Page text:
( Dedicated to Cindy Sheehan )
My father was a prisoner of the Japanese
during World War Two.
He used to say that most of those dying
would cry out for their mothers
and cover their private parts before they died.
They would curl up in a ball,
call for their mothers,
and cover themselves up.
might fall to the floor, be carried to her bed,
and just lie there, crying her heart out
She might be left there in the dark
to cry her guts out.
Later she would come out of her room
kerchief in hand, eyes averted,
and stoically begin the long, lonely march
to the burial site of her son.
would be all that served to tie off that place
where old memories are hemorrhaging
and new ones will never be born.
She would be expected to wrap pride,
like a wreath, around her pain.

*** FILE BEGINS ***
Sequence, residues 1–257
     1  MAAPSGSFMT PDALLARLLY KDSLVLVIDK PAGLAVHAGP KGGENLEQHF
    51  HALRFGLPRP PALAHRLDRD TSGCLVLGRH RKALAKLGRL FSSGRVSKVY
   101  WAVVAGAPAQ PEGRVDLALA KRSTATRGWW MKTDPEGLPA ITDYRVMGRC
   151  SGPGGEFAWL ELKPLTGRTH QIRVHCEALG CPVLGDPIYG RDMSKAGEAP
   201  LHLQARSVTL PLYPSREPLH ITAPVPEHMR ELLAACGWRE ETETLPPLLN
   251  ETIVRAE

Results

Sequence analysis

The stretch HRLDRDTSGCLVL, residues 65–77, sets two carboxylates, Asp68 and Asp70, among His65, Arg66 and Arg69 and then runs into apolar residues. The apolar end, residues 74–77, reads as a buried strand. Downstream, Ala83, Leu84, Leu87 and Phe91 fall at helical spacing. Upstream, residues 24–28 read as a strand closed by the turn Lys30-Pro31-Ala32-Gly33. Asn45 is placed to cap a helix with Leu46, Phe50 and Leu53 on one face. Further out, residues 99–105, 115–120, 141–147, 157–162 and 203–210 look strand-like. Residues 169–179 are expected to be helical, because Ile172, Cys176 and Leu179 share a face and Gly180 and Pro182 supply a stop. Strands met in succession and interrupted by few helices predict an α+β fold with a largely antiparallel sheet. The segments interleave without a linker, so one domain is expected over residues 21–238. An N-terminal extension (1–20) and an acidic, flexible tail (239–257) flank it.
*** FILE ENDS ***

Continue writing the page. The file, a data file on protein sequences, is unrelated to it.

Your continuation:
She would be expected to wear a medal
over the empty residence of her heart.
One more mother,
pacified and drafted
into the ranks of those who have traded
their most precious possession
for gunfire, a folded flag, and words of consolation.
Starting in Crawford, Texas
a sea-change has occurred.
One mother has decided
that she doesn't want to wear pride
around her pain.
She doesn't want to cover the residence
of her heart
with a medal.
She's not satisfied
to go away
with empty words of consolation.
She is doing what all mothers have wanted to do.
should have done,
since the beginning of war.
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